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A Different Approach to Crime Prevention

March 4, 2011

It was considered a triumph of community organizing when the small park on the 2300 block of N. 5th Street called Rainbow de Colores was built in the 1970s. Local residents banded together to convince the city to build the facility, and they committed to maintaining the facility as well.

Priscilla Preston was one of those neighbors. Like other local parents, she hoped the park would be a clean, safe place for her children to play.

And for a while, it was.

But then metal scrappers began pillaging the park, busting up play equipment and selling it off piece by piece. And it didn’t take long for drug dealers and users to figure out that the poorly-lit park was an ideal after-hours place to do business.

Eventually, Rainbow de Colores was transformed from a small neighborhood treasure into a drain on local quality of life.

“Neighborhoods do change. You put a lot of effort into trying to keep your community intact, but the drug traffic really brought this area down,” Preston said. “It was a beautiful idea turned bad.”

But not for much longer. The reclamation of Rainbow de Colores begins in April.

In cooperation with a host of community groups, the City of Philadelphia is planning an extensive overhaul of the troubled park that includes the installation of new fencing, solar-powered lighting, new play equipment including a sprayground for young children and handicap accessible ramps, among other improvements.

“It will be a place that’s clear and bright and secure so that people know this is no longer a place that will be overrun at night by bad elements,” said Justin DiBerardinis, aide to Councilwoman María D. Quiñones-Sánchez.

News of the park’s renovation was shared with community residents at a meeting on the evening of Feb. 17. When DiBerardinis told the crowd that the park would be open to the public by June, attendees seemed stunned.

“When they said that, I was truly ecstatic. I really was. I’m going to bring by great-granddaughter to that park,” Preston said.

Although the city is funding most of the renovations, DiBerardinis made it clear that the onus is on the community to keep the park clean and well-maintained, and more important, to claim the park as its own. That includes everything from locking the park’s gates each night to holding frequent family-friendly events there to make it plain that “this park belongs to the community now, not the drug dealers,” DiBerardinis said.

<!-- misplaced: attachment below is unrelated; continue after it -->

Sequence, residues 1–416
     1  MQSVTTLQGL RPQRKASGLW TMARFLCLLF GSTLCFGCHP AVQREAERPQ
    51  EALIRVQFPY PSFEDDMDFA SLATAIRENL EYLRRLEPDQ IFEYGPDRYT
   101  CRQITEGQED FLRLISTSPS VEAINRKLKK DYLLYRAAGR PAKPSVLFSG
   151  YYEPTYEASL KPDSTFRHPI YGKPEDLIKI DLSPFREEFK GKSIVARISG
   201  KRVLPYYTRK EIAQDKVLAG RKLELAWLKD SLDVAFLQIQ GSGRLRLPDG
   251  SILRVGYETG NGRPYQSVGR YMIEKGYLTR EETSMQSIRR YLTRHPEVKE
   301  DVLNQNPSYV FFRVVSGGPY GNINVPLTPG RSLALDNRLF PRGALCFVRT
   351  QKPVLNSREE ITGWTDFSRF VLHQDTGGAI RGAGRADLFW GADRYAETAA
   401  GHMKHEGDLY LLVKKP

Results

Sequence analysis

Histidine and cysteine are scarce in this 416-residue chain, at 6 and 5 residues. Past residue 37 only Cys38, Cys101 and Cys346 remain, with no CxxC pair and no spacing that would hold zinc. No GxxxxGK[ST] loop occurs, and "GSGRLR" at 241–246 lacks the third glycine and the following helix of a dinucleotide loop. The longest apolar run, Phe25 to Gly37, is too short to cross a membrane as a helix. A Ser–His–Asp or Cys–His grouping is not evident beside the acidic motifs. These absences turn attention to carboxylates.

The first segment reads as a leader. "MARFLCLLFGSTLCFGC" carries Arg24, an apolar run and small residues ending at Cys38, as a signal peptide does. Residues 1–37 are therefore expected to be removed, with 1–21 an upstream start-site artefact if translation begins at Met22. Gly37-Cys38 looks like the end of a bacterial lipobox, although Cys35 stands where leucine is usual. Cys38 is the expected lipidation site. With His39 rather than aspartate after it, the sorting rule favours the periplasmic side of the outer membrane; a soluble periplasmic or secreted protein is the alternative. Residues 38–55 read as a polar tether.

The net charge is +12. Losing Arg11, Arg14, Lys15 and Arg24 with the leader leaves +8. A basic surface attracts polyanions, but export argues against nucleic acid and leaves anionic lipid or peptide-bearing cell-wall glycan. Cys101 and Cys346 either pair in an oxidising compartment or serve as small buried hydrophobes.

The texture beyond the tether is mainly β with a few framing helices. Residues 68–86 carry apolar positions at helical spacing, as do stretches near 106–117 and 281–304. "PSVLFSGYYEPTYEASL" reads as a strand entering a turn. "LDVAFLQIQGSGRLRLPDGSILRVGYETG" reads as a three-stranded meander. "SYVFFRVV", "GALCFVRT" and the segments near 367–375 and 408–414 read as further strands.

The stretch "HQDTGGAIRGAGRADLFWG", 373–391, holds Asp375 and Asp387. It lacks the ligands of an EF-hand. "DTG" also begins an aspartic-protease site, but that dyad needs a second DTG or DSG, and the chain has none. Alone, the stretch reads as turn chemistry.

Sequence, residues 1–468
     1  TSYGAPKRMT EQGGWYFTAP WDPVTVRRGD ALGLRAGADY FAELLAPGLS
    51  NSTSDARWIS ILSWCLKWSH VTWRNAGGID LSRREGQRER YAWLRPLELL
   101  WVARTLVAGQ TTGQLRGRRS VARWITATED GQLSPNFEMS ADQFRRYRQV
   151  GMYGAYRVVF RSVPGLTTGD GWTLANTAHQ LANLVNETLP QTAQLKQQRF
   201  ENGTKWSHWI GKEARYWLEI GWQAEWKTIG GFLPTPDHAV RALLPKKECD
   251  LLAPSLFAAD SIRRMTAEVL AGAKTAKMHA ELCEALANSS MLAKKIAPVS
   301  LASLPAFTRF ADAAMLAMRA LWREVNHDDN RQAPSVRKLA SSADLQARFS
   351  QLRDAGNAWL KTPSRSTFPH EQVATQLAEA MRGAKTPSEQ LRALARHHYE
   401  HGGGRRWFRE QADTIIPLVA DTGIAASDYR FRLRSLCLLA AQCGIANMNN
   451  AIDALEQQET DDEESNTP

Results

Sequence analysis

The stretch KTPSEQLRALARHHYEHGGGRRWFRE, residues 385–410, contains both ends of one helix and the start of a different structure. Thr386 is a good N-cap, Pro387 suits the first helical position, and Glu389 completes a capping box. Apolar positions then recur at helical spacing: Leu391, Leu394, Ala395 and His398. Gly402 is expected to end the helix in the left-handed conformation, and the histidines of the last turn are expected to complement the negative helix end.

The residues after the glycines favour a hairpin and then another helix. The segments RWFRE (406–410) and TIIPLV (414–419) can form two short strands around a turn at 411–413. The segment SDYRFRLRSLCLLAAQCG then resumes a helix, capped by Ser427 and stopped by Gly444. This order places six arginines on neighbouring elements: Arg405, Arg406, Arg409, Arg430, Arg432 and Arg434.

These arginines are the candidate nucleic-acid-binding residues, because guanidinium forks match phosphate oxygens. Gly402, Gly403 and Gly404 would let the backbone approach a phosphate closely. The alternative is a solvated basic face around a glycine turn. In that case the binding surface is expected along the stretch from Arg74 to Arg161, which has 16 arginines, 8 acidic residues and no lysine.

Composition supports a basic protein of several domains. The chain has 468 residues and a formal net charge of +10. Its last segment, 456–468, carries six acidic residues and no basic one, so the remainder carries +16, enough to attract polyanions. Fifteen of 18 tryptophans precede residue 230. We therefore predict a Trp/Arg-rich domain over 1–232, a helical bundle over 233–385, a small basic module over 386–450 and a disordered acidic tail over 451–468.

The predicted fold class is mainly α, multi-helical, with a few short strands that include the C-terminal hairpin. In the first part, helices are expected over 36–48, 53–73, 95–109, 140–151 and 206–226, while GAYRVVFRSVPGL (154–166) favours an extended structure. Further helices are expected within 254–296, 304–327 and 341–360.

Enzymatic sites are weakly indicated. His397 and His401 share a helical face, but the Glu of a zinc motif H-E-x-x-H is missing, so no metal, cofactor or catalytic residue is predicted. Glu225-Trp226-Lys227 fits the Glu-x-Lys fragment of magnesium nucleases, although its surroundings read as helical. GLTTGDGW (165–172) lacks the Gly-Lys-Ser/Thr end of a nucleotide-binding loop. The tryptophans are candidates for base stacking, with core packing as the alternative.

To that end, community members at the meeting broke into groups to discuss possible activities for the park, hash out who would be responsible for maintaining it and what sort of plants and shrubs should be put in the reclaimed park. There was talk of movie nights, a big celebration to mark the park’s rebirth, and other possibilities.

“If the vital part of this community is there doing something on a weekly basis, then the drug dealers won’t get a chance to take it over,” Preston said. “And to me that is very hopeful.”

Reclaiming Rainbow de Colores is an important test case for the community as it continues the job of developing a comprehensive quality of life plan. An integral piece of that plan will be the community’s approach to crime and public safety, and the park renovation project exemplifies some crime-fighting strategies that go well beyond calling 911.

On Feb. 17, APM and LISC (SCI Eastern North) convened a roundtable to talk about some of those strategies, with the goal of getting community leaders to focus on what they can do to make their neighborhoods less inviting to criminals. The meeting included guests from the 26th Police District, Congreso, the District Attorney’s office, the U.S. Attorney’s office and other organizations.

During the roundtable, representatives from LISC’s national office introduced the concepts of SARA and CPTED to the group. SARA (for Scanning, Analsysis, Response, Assessment), is a method for identifying and eliminating or limiting the sources of crime in a community, instead of reacting only to individual crimes. CPTED (for Crime Prevention Through Environmental Design) is the concept that crime can be allayed by changes and improvements to physical landscapes, such as by adding lights and fences to Rainbow de Colores Park.

The talk of systems for analyzing crime and identifying means to fight it frustrated at least one of the community leaders at the meeting.

“We know where the crime is,” said block captain Andre Mears. “I’m in the dark when you’re going through all this stuff. What am I analyzing? You got the drug problem right there in the open. There’s nothing more to analyze. It’s there!”

But others suggested it was not that simple.

“Crime is not always about the criminal. There’s a whole system and the residents have influence over what happens,” said Jennifer Rodriguez, APM deputy vice president of programs.

That view was seconded by Captain Cram of the 26th Police District and the officers he brought with him to the roundtable.

“At 5th and York, the drug problem has been out there for decades. If the community can rise up and take it back, force the guys into the shadows, that’s what we need there,” Officer Ed Correa said. “We’ve kept kind of a lid on shootings, thank god for that, but we really need the community to rise up and take that corner back.”

The upcoming renovation of Rainbow de Colores, which is just a few hundred feet south of 5th and York, seems to offer local residents an opportunity to do just that.

-by Patrick Kerkstra

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